Hardware Review: Logitech’s SoundMan Xtrusio DSR-100

By Jayne A. Hitchcock
as it appeared in the June 2001 issue of IT Magazine

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Just when I thought I had the best-sounding surround sound speaker system, Logitech had to come out with one that was better. And lower in price. I was happy with my Boston Acoustics BA7500 system (which cost me $300), but when I found out Logitech just released the SoundMan Xtrusio and for just $180, I jumped on them. I gave my husband the Boston Acoustics system and now he’s happy.

SoundMan Xtrusio DSR-100 is a 100-watt, digital surround sound speaker system that’s makes your multimedia computer system truly multimedia. Included with the four speakers and subwoofer are two CD-ROMS, one has a bunch of MP3 songs, digital music and multimedia software (including a karaoke program); the other is PowerDVD, a program that allows you to get high-quality Dolby Digital sound from DVD movies on your computer (you need the appropriate hardware/cards to use this program) - that’s almost $100 in extras alone.

As a reviewer, I was also sent a Telarc music sampler CD chock full of surround sound samples that aren’t just music, they’re pretty spectacular (and freaked out my dogs at times). I was also sent The Beatles “Yellow Submarine” DVD movie, but since I didn’t have the appropriate hardware in my computer to play it, I watched it on my regular home DVD system (it’s still a great movie, after all these years).

The speakers are a dark gray (almost black) color and measure 6" tall and almost 3" deep. What is different about the SoundMan Xtrusio DSR-100 system over the BA7500 is that all four speakers are the same size and a bit smaller (the BA7500 rear speakers are smaller than the front). They may not be as “slim” as the BA7500 speakers, but they fit on my desk and behind me perfectly. There is wall-mounting hardware, which is nice, but don’t come with speaker stands like the BA7500 speakers do. That’s okay, though, because I ended up placing the rear speakers on shelves situated behind me. The only beef I had with setting up the system was that the length of the speaker cord (150" each) for the rear speakers wasn’t as long as the BA7500, so I had to place them closer.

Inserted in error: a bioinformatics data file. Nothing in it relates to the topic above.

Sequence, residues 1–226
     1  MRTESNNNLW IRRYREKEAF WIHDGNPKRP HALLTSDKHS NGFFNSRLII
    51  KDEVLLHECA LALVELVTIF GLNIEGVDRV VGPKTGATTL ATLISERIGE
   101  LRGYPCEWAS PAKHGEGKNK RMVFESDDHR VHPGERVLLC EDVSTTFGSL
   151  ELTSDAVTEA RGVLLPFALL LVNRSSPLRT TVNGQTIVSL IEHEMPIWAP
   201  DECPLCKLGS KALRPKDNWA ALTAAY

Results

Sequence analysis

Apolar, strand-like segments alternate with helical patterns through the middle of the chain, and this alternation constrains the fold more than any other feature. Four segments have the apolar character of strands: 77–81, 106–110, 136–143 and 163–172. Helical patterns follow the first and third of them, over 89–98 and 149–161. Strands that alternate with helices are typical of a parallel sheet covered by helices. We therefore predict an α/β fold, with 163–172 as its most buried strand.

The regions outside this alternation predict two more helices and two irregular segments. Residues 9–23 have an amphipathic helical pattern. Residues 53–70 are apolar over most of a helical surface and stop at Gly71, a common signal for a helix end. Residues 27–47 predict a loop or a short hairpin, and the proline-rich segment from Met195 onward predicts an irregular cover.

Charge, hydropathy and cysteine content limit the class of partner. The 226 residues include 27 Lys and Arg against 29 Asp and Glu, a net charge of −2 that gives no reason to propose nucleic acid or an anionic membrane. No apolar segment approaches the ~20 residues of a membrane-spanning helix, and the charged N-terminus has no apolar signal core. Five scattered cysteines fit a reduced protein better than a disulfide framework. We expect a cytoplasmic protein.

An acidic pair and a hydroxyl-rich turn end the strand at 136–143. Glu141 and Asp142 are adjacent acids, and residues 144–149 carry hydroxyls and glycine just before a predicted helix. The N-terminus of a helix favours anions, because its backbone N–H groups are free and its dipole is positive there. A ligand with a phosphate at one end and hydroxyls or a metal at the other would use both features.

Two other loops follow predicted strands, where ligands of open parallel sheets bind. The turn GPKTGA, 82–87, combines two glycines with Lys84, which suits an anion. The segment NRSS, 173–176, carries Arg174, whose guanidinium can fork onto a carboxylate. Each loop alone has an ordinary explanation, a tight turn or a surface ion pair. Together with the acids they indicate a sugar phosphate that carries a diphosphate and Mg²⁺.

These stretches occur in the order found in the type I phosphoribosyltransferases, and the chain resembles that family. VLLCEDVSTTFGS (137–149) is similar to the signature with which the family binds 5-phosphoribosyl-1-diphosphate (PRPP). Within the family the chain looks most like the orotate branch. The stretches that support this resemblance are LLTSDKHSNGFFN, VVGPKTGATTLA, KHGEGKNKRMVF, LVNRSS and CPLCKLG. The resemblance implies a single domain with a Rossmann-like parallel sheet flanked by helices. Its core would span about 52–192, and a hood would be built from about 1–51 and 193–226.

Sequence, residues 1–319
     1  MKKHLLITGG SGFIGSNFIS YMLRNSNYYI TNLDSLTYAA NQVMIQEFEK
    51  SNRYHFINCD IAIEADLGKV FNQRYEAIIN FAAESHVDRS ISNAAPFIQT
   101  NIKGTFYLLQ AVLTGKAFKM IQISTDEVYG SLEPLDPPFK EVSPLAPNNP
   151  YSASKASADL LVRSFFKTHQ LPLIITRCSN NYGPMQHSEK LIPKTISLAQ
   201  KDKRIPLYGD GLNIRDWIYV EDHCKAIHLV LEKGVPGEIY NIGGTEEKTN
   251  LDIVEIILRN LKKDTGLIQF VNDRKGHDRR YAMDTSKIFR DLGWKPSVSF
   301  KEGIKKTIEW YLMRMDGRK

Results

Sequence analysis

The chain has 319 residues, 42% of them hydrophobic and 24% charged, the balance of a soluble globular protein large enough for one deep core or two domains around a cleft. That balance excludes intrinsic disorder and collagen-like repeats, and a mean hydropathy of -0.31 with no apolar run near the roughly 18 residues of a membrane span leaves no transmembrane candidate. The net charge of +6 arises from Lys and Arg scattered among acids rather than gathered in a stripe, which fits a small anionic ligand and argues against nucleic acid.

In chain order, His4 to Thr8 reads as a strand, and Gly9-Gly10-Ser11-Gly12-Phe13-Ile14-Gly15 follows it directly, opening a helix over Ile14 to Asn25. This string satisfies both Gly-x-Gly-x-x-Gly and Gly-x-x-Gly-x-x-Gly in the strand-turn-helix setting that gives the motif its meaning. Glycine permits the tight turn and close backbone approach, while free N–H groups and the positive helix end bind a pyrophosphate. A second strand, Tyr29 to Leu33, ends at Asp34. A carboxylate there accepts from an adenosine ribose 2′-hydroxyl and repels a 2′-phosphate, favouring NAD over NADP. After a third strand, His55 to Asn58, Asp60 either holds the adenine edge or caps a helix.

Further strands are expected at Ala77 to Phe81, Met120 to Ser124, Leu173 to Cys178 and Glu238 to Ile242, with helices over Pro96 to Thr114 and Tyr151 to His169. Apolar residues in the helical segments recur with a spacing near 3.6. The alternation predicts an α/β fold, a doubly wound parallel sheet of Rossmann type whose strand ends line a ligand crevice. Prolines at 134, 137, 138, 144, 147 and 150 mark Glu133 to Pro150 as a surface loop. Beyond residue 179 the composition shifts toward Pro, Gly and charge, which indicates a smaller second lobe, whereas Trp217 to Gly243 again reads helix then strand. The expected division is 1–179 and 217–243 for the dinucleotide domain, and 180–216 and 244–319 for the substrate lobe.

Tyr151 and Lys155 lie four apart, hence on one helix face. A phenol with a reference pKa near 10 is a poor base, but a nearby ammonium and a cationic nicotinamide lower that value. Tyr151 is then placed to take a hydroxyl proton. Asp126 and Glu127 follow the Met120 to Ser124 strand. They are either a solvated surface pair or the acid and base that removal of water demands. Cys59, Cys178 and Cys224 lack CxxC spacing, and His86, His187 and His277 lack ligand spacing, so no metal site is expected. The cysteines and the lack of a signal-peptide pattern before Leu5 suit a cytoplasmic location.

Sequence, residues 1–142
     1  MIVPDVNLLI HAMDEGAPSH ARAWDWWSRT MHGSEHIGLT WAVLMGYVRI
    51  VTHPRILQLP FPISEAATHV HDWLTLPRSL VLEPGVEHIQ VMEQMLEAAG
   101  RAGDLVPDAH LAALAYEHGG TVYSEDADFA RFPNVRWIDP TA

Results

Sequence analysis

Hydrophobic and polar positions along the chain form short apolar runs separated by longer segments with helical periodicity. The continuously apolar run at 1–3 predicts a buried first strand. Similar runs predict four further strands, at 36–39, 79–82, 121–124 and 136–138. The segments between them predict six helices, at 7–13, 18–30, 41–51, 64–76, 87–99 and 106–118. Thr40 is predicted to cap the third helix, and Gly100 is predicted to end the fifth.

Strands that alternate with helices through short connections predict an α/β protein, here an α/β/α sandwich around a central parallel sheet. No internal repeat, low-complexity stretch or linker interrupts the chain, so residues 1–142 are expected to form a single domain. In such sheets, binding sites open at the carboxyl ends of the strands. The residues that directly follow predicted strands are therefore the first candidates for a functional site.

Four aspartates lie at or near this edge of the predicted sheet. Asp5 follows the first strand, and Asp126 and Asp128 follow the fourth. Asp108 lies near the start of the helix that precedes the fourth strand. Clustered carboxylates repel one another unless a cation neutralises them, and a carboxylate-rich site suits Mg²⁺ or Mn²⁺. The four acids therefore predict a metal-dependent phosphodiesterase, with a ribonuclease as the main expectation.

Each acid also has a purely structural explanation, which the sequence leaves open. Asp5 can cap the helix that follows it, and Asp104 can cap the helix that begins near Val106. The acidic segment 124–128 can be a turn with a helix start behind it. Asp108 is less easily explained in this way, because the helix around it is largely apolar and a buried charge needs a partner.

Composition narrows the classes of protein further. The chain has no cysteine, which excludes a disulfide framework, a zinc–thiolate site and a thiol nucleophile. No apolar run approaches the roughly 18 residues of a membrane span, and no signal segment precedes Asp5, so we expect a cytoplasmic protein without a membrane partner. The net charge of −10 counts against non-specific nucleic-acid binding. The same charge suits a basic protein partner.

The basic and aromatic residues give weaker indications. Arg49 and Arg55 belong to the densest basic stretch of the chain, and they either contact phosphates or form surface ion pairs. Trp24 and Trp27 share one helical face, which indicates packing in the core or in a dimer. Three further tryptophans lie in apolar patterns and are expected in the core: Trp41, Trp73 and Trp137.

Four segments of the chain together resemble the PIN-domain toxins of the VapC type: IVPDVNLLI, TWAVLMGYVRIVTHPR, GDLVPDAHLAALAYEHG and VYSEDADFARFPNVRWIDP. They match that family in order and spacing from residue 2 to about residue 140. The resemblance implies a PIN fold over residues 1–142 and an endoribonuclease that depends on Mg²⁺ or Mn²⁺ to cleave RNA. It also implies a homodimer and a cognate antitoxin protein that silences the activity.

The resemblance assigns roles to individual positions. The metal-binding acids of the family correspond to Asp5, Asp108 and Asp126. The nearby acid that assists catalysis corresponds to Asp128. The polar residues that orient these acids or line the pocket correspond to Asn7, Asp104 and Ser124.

The subwoofer has a rounded brushed aluminum case in that same dark gray with color-coded inputs, making installation a snap. The coolest feature is the remote - yep, a remote. It is attached and not cordless, though, which I hope they change in the future, but still, it’s very nice. I can put the speakers on standby if I get a phone call or want to talk to someone, has a fader control, master volume dial and a headphone jack.

Now, about my soundcard. I have a SoundBlaster Live card. When I downloaded the updated drivers from the SoundBlaster site, I found that I couldn’t use the program so that my new surround sound system would work. Believe me, I tried everything - uninstalling it completely, defragging the hard driver, reinstalling, etc. I ended up reinstalling the original, older program that came with my soundcard and everything ended up working fine. So, if you have a SoundBlaster card, beware if you download the latest update!

Now that I had the soundcard and speakers all set, I popped the Telarc sampler CD in and away I went, listening. Jumping from classical pieces to thunderstorms and spooky noises to jazz fusion to hip hop, it showed off the capability of these speakers. I then opened up my RealPlayer to watch and listen to some news shows and could really hear the difference. These speakers are great!

Besides the length of the speaker cord and wishing the remote was cordless, the only other thing I’m not crazy about is the color of the speakers. I like the color itself, but since my computer is that “computer beige” color, they don’t really match. But hey, it’s a minor quibble.

J.A. Hitchcock is the author of seven books and writes for several print and online publications. She can be reached by e-mail at anotherwriter@hotmail.com. She is also the president of WHOA (Working to Halt Online Abuse) which is online at www.haltabuse.org.

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